So often when i tell people that i am an Exercise Physiologist, they ask me what that means.
“So you’re a physiotherapist?” …… not quite.
“So you’re a personal trainer?”…… not quite.
An Accredited Exercise Physiologist (AEP) is an allied health professional, with a 4yr university degree that specialises in the delivery of exercise programs for the management, treatment or prevention of chronic disease, illness and injury. We can also design programs for those who are at risk of developing a chronic condition.
AEP’s are recognised under Medicare, DVA, Workcover and most private health insurance companies.
So, what does an AEP do?
- Prescribe and design personalised exercise programs including strength, flexibility, cardio, balance and mobility.
- Teach you how to perform exercises safely and correctly.
- Teach you to activate your “core” and the importance of your deep abdominal muscles.
- Assess any muscular weaknesses and poor movement patterns that may increase your risk of injury or cause you injury.
- Use exercise in the rehabilitation of an injury or chronic pain
- Manage chronic disease through exercise
- Encourage and facilitate movement into your everyday life.
- Motivate and educate you on positive lifestyle changes.
Who can an AEP help?
An AEP has quite a large scope of practice. In a lot of studios, each practitioner will specialise with specific conditions and injuries.
Typically AEPs use exercise to deal with:
- Diabetes, impaired glucose tolerance and dyslipidaemia’s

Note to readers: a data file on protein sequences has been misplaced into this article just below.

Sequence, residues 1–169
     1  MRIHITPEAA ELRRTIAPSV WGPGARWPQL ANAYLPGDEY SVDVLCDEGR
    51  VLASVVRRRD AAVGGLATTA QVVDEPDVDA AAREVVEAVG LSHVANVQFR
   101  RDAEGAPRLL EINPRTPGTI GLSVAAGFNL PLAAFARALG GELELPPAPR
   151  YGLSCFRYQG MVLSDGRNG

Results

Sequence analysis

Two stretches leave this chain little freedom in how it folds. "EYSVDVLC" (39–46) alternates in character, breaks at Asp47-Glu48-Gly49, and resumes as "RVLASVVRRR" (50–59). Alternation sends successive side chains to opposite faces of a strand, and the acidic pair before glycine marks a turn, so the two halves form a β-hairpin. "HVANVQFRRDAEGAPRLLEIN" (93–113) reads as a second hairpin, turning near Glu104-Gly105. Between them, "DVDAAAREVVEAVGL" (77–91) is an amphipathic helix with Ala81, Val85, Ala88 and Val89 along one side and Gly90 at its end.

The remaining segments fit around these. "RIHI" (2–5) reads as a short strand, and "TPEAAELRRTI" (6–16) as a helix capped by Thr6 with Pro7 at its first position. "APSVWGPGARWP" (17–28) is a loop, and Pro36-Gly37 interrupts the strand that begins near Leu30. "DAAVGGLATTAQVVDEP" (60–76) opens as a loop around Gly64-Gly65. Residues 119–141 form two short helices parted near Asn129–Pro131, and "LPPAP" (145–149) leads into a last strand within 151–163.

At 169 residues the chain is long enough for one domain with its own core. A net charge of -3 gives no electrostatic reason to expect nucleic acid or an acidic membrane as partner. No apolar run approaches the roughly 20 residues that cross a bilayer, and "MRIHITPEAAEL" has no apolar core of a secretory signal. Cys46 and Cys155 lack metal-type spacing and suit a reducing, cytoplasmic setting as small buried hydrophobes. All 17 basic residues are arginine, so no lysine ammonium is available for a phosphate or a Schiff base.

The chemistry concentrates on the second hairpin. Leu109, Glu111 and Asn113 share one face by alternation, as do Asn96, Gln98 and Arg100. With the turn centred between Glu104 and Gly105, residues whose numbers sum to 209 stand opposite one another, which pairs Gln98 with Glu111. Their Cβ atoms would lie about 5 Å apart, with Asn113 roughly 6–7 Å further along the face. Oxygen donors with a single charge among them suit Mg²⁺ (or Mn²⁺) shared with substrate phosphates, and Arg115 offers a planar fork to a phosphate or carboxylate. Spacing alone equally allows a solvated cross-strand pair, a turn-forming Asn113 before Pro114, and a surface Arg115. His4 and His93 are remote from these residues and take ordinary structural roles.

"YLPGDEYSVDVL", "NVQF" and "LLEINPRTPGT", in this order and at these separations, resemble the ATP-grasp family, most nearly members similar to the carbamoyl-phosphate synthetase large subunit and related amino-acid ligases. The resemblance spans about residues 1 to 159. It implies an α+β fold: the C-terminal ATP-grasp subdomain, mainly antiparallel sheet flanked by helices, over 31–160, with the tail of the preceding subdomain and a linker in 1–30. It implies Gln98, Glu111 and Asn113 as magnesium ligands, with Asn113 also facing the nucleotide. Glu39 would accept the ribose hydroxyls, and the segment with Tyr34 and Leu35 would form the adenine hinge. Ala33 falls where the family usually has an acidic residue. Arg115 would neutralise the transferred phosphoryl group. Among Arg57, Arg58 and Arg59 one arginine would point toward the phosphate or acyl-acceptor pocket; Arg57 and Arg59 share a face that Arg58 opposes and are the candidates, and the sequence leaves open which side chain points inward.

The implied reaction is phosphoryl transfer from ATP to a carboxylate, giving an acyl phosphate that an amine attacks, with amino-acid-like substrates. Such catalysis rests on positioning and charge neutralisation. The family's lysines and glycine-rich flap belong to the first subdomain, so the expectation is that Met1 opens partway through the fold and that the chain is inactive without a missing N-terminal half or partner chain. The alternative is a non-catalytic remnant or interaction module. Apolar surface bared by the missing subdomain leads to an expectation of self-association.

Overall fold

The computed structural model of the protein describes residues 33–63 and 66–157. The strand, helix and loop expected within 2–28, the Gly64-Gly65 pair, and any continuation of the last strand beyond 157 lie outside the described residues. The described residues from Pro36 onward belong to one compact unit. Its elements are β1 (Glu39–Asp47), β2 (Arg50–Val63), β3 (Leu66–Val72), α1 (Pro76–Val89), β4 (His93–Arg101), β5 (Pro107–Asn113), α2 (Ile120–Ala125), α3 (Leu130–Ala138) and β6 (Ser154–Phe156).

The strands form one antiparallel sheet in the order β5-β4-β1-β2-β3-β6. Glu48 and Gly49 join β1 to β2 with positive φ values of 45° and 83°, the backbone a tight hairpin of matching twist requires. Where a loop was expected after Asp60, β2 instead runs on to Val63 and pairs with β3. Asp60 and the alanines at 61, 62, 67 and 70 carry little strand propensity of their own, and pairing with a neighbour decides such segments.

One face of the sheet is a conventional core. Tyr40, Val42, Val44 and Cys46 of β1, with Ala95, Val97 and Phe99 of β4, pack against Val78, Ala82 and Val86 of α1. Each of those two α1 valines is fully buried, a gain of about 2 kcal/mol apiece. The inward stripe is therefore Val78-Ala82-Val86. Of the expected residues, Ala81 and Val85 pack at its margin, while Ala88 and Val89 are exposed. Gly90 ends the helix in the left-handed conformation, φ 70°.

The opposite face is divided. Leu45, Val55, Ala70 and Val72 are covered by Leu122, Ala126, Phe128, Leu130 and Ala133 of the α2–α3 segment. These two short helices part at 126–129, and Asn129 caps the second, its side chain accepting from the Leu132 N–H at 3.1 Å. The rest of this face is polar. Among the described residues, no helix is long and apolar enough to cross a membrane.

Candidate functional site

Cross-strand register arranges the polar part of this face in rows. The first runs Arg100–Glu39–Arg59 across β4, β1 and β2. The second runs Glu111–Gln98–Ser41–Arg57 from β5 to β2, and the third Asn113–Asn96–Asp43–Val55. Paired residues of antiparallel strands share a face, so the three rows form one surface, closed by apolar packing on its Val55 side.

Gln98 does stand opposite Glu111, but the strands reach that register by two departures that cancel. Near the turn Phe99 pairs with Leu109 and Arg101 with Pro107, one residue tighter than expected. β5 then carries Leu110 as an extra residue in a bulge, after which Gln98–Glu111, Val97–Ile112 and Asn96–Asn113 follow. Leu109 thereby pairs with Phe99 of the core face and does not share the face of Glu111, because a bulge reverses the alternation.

- Hypertension, coronary artery disease and other heart conditions
- Musculoskeletal conditions such as chronic lower back pain, neck pain, scoliosis or chronic injuries.
- Pre and post natal exercise
- Post operative rehabilitation e.g. post total knee or hip replacement
- Osteoporosis and osteoarthritis
- Mental illnesses
and many more!
What is involved when i see an Exercise Physiologist?
This will vary from practice to practice however, typically a session will involve:
- Initial assessment discussing current health status, exercise history and goals
- Anthropometry assessment such as waist circumference and blood pressure
- Physical assessment to determine your current abilities and help your AEP design an appropriate plan.
- Discussion about how exercise can help you
- Where to from here? Is there a group class you can join? A home program? A walking group? Join a gym program?
How is an AEP different to a Physiotherapist?
A Physiotherapist is trained to assess, diagnose and treat injuries or disabilities that affect movement and the function of your body. An AEP cannot diagnose an injury but has the skills to use exercise to manage, rehabilitate and prevent injuries. In an ideal world, AEPs and Physio’s work together for best treatment.